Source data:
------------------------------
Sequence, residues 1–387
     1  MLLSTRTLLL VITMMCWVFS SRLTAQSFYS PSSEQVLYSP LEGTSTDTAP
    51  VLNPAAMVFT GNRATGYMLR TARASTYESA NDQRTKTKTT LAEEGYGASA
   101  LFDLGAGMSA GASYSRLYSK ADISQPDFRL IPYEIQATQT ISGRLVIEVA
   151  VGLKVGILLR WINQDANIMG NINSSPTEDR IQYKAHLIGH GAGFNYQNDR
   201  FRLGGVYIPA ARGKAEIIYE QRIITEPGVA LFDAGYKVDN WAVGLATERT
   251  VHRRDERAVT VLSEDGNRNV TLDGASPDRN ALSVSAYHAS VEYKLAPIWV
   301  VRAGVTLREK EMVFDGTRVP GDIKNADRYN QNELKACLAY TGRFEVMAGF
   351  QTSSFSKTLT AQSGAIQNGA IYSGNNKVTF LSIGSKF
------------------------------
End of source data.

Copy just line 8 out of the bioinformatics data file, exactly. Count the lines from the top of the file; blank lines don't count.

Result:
   301  VRAGVTLREK EMVFDGTRVP GDIKNADRYN QNELKACLAY TGRFEVMAGF